Claude Maxwell “Max” Stanley was born on June 16, 1904, in Corning, Iowa, bearing the name of his father who was a soldier, lawyer, public servant. As he grew up, Max insisted Claude was the name of his father and preferred to go by Max.
Max enrolled in the University of Iowa in 1922 to pursue a degree in engineering, a subject he always felt passion for. He graduated in 1926 with a degree in general engineering and became a structural designer for Byllesby Engineering and Management Corporation in Chicago.
By 1927, Max went back to the University of Iowa to work on design and construction at the Hydraulics Laboratory on the Iowa River. He married Elizabeth “Betty” M. Holthues in November of 1927. The pair moved to Dubuque, where Max continued his work on hydraulics, and they welcomed their first son David.
Max continued his work on hydraulics in Dubuque and Chicago until 1932, when his former professor, Floyd A. Nagler, attracted him to Muscatine. Nagler made Stanley aware of the opportunity to buy into Central States Engineering Company. Using savings and financial assistance from his brother, Max bought 49 percent interest in the company and became the general manager. He and Betty moved to Muscatine and welcomed their second son Richard, usually called Dick, and their daughter Jane four years later.
During WWII, Maxx became very conflicted and considered seeking a commission in the U.S. military. He watched his father, Claude, fight in the Rainbow Division in WWI, and wondered if he had a duty to follow in his suit. Upon thought and advisement, he decided not to seek a commission, but rather to keep working in consulting engineering and find “war work.” The work included building air bases in Nebraska and the Dakotas; this is how Max found a way to give his effort to the war.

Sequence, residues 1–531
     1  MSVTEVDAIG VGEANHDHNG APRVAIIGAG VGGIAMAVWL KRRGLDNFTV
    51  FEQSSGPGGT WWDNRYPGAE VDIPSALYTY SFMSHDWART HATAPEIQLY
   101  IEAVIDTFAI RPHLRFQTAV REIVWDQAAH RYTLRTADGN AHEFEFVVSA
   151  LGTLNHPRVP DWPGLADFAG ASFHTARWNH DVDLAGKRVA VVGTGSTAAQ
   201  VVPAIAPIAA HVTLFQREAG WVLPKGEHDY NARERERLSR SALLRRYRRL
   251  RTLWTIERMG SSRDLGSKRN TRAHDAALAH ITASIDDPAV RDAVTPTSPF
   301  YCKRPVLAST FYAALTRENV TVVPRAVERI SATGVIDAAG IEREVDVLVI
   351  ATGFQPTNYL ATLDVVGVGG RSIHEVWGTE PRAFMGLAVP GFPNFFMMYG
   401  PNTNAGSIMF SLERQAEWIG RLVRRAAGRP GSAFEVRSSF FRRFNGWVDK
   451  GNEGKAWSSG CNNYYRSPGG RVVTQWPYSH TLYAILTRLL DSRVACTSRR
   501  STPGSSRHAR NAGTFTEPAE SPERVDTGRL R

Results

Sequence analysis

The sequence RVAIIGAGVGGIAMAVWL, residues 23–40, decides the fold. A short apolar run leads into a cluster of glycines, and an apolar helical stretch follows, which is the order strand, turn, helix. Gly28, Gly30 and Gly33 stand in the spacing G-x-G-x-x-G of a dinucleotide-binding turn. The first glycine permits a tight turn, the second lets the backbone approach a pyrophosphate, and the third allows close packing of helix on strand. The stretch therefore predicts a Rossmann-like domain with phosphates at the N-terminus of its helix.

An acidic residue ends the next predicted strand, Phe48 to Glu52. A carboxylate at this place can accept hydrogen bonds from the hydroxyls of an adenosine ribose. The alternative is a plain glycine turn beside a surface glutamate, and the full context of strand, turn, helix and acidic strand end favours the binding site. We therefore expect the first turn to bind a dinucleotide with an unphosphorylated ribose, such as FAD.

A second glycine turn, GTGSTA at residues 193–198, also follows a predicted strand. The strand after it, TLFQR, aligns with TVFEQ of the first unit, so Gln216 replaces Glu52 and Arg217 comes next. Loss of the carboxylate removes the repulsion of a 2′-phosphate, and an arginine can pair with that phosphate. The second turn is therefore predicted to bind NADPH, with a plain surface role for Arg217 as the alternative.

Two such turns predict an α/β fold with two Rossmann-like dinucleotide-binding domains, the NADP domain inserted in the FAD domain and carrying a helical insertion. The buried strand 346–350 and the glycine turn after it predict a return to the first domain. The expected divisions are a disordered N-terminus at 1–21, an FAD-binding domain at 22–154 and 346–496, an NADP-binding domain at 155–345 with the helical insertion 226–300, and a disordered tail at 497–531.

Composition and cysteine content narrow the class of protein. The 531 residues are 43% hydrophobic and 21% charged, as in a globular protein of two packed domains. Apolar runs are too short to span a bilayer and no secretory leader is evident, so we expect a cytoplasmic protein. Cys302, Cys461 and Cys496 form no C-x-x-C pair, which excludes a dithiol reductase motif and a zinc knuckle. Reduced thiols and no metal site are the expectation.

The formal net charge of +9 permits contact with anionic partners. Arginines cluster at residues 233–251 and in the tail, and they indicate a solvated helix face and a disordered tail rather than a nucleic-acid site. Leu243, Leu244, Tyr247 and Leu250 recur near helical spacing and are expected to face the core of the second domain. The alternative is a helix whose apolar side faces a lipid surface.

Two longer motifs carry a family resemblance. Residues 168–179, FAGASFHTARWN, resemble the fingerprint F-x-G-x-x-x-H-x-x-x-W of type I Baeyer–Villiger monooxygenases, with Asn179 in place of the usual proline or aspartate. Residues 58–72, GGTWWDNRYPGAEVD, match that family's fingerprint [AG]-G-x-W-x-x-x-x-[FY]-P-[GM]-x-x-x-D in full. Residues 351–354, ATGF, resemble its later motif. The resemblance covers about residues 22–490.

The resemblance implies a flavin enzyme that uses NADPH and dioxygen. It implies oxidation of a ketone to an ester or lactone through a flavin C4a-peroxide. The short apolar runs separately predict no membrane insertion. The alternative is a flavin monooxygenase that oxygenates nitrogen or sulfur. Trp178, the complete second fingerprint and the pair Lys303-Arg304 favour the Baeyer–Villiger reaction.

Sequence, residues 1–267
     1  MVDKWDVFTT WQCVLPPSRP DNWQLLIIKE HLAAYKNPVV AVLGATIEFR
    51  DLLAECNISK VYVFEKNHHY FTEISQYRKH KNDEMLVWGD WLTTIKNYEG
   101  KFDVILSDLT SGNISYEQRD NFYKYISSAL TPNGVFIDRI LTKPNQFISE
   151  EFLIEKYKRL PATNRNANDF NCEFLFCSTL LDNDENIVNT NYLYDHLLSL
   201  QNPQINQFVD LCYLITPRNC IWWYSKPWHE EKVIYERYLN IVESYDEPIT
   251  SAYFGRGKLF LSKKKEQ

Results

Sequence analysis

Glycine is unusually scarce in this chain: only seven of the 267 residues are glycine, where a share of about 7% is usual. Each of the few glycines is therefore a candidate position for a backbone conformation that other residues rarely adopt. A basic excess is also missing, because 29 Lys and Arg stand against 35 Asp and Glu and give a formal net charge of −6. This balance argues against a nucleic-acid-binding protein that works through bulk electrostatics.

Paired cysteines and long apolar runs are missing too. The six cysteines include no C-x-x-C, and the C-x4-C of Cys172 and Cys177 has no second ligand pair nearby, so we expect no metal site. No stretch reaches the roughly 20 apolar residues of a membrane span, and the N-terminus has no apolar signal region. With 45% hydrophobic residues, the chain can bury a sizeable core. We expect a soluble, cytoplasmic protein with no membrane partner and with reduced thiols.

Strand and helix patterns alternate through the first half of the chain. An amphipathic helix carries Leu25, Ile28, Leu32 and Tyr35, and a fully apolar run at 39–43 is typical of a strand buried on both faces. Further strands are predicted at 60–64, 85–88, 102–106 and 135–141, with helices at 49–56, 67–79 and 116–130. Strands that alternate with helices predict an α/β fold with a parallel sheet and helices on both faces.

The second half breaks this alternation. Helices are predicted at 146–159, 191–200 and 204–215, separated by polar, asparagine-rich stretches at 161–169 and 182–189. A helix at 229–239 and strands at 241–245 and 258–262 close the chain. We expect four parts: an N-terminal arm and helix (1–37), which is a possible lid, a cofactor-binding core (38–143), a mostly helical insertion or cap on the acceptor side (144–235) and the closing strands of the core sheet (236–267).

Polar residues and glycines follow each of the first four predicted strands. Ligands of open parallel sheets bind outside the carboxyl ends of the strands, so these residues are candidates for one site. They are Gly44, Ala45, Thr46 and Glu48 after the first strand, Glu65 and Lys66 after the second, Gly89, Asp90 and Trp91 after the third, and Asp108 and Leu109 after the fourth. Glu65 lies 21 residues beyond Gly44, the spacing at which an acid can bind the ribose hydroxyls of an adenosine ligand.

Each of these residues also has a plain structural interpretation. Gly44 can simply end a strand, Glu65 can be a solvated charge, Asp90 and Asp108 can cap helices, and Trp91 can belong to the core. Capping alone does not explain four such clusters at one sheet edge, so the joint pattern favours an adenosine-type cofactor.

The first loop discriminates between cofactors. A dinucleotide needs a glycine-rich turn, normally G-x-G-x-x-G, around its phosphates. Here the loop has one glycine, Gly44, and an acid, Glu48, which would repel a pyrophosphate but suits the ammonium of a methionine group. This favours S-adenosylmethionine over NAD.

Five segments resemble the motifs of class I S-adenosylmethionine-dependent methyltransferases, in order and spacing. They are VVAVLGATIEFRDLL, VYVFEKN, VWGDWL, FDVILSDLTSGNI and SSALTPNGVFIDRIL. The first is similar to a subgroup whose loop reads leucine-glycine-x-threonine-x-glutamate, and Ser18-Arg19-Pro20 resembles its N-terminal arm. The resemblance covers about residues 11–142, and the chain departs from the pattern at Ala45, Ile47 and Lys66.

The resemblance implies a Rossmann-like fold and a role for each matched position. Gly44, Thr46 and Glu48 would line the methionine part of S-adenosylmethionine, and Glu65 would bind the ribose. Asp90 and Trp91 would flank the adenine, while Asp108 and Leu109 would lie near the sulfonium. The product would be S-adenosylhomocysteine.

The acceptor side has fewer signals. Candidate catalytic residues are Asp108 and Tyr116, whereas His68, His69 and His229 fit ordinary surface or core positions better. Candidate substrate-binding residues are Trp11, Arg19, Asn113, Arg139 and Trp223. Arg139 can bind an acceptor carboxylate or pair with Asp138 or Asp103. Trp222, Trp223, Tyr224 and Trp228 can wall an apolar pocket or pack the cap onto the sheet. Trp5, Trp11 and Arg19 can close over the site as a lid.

The economy after the war was grim. During the war, Max joined his brother-in-law in starting a kitchen cabinetry business called “Home-O-Nize.” Though, they couldn’t find steel while the war was at its height. As a problem solver, Max wanted to find a way to make this venture work and was relentless in ensuring their investments would not be a lost cause. The company shifted and designed coasters, recipe books, and small items until metal became more available. When they could purchase metal, they began creating filing cabinets and office equipment that sold quickly. The company continued down this path and became “HON,” which later became HNI, as it is known today.
When WWII came to an end, Max was convinced the world needed to find better ways to deal with conflicts and differing views. He understood it was necessary to work with people from many cultures, religions, and countries to accomplish the goals of peace he sought. Betty worked by Max’s side, supporting and agreeing with his beliefs as his mind started turning.
Dave Stanley had ideas of his own after WWII and became involved in the United World Federalists (UWF), a group that sought world peace through enforceable world laws and strengthening the United Nations. While visiting home, he explained the group and its values to his father and asked him to take the time to read a book titled “The Anatomy of Peace” by Henry Reeves to learn more.